Declaration of Independence

The Declaration of Independence announced the beginning of the United States of America to Great Britain and the world, justifying the colonies’ decision to secede from Britain and setting forth the political philosophy of the new republic.

Summary of Event

The Declaration of Independence was the culmination of a gradual, ten-year shift by the colonies from active participants in the British Empire British Empire;and American independence[American independence] to rebellious advocates of a total break with the mother country. This decade of accelerating estrangement was fueled by fundamental disagreements over the Proclamation of 1763, Proclamation of 1763 the Sugar Act Sugar Act (1764) and Currency Act (1764), Currency Act (1764) the Stamp Act Stamp Act (1765) and Quartering Act Quartering Act (1765) (1765), the 1766 Declaratory Act, Declaratory Act (1766) and the 1767 Townshend Revenue Act, Townshend Revenue Act (1767) as well as the Boston Massacre (1770), Boston Massacre (1770) the Tea Act and Boston Tea Party (1773), Boston Tea Party (1773) the 1774 Coercive Acts, Coercive Acts (1774) and the 1775 Battle of Lexington and Concord. Lexington and Concord, Battle of (1775)
[kw]Declaration of Independence (July 4, 1776)
[kw]Independence, Declaration of (July 4, 1776)
American independence
Declaration of Independence, U.S.
[g]United States;July 4, 1776: Declaration of Independence[2270]
[g]American colonies;July 4, 1776: Declaration of Independence[2270]
[c]Government and politics;July 4, 1776: Declaration of Independence[2270]
[c]Wars, uprisings, and civil unrest;July 4, 1776: Declaration of Independence[2270]
Jefferson, Thomas
[p]Jefferson, Thomas;Declaration of Independence
Lee, Richard Henry
Paine, Thomas
Franklin, Benjamin
[p]Franklin, Benjamin;Declaration of Independence
Adams, John (1735-1826)

In the opening months of 1776, the colonists faced a momentous decision. Should they content themselves with a return of British authority as it existed prior to 1763, or should they irrevocably sever all political ties with and dependence upon Great Britain? Since Great Britain was unwilling to give them that choice, offering instead only abject surrender to parliamentary sovereignty, Americans in increasing numbers concluded that complete independence, not merely autonomy within the British Empire, must be their goal.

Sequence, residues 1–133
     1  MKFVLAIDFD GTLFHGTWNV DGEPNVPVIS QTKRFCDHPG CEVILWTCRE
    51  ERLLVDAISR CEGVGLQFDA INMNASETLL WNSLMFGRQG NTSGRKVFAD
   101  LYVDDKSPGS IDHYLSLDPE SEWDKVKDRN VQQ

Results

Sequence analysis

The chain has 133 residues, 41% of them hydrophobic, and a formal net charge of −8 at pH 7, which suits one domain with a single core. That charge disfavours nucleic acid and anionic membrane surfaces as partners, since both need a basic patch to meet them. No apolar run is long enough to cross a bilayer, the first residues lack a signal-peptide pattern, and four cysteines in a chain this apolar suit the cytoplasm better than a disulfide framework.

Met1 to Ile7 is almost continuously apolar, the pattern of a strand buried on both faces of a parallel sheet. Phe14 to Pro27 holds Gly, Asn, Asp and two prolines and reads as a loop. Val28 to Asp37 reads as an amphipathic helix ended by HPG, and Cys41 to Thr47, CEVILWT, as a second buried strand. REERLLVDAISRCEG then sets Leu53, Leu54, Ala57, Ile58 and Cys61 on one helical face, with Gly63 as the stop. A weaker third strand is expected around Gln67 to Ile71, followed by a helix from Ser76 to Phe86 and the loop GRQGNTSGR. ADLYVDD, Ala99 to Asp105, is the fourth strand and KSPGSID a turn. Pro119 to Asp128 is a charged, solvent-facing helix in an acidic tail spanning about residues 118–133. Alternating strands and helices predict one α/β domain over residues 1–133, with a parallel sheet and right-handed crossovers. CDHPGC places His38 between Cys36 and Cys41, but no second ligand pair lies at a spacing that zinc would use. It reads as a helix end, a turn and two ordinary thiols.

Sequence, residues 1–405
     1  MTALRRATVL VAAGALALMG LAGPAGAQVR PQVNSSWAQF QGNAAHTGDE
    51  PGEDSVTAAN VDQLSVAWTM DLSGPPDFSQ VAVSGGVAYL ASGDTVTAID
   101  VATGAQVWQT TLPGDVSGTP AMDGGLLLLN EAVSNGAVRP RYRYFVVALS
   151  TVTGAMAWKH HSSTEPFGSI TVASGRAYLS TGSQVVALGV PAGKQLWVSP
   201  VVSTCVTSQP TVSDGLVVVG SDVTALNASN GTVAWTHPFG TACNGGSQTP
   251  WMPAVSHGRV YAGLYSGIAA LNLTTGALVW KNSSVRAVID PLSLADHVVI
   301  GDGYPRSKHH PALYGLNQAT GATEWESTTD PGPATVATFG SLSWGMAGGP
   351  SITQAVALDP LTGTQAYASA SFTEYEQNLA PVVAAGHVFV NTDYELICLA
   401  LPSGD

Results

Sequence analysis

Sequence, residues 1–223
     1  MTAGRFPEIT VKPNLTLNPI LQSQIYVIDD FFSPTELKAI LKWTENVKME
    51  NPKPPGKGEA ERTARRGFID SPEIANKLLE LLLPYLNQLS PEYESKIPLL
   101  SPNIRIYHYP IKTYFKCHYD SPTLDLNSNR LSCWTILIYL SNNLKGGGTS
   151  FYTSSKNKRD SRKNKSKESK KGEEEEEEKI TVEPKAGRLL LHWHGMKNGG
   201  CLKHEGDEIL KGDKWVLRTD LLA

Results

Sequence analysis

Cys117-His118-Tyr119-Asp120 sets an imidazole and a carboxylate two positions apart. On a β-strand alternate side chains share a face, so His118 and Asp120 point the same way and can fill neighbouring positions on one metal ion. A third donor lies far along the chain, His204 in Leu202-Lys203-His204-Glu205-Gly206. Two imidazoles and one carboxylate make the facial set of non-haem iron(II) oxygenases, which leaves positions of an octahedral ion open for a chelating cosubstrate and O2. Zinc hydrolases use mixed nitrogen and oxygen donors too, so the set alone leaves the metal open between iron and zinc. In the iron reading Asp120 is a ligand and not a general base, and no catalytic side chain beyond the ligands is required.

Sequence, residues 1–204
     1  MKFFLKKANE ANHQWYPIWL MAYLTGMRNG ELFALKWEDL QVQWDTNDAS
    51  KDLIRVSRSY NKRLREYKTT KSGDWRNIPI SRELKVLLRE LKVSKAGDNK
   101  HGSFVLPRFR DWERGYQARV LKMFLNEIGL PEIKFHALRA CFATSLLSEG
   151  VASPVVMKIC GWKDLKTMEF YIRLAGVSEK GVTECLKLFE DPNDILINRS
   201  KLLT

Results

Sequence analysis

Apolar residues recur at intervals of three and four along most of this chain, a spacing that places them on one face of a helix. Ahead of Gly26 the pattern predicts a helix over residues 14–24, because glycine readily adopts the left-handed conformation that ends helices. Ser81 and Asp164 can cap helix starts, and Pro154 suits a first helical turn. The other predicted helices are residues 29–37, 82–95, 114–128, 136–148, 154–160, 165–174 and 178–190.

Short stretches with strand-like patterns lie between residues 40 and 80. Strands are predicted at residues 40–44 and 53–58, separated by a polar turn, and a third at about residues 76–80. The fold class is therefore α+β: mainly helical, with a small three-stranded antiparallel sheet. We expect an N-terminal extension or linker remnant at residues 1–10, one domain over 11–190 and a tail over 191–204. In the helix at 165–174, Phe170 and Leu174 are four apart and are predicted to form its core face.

Many of the undecided colonists were won over to defiance of the Crown as a result of Parliament’s Parliament;British Prohibitory Act, which called for a naval blockade of the colonies, the seizure of American goods on the high seas, and the dragooning of captured provincial seamen into the Royal Navy. For many colonists, news of the British ministry’s decision to employ German mercenaries for use in America was the last straw. The requirements of the struggle itself lent weight to the idea of complete separation. People would not do battle wholeheartedly for vaguely defined purposes, nor would French or Spanish aid, deemed essential to military success, be forthcoming if the colonies fought merely for a greater freedom within the empire.

In January, 1776, these colonial issues were the subject of Thomas Paine’s Common Sense (Paine)
Common Sense. Although it may be doubted that Paine’s widely read pamphlet was the immediate impetus for the break, and although he advanced no new arguments, Paine expressed cogent and compelling arguments for a free America that would pursue its own destiny. Although Americans of almost every persuasion were already disputing the right of Parliament to rule over the colonies, there remained among the colonists a strong attachment to the British crown and to King George III. George III Monarchy Monarchy;Thomas Paine[Paine] in general, and the Hanoverian king in particular, received a scathing denunciation from Paine, who asserted that kings were frauds imposed upon people capable of governing themselves. George III, Paine reasoned, was no exception and had engaged in oppressive acts that had destroyed every claim upon American loyalties. Paine held that the break should come immediately, while Americans were in arms and sensitive to their liberties. Independence, he argued, was inevitable for a wealthy, expanding continent that could not long be tied to a small and distant island controlled by “a Royal Brute.”

Signing the Declaration of Independence.

(Francis R. Niglutsch)

One by one, the Southern and New England colonial assemblies authorized their delegates to the Continental Congress, Second (1775) Continental Congress, meeting in Philadelphia, to vote for independence. On June 7, 1776, Richard Henry Lee, obeying instructions from Virginia, introduced at the congress a resolution declaring the colonies independent. Temporarily, the Middle Colonies hesitated to make such a drastic decision, causing a delay in acting on the matter; but on July 2, with only New York abstaining, the vote was twelve to nothing in favor of Lee’s resolution declaring that “the United colonies are, and of right ought to be, free and independent States.”

Anticipating this outcome, the congress had earlier formed a committee, composed of Thomas Jefferson, John Adams, Benjamin Franklin, Livingston, Robert R. Robert R. Livingston, and Sherman, Roger Roger Sherman, to prepare a statement concerning independence. The now famous document was drafted by Jefferson with some assistance from Adams and Franklin. Congress, after first making some revisions, such as deleting Jefferson’s passage denouncing the king for not ending the slave trade, adopted it on July 4.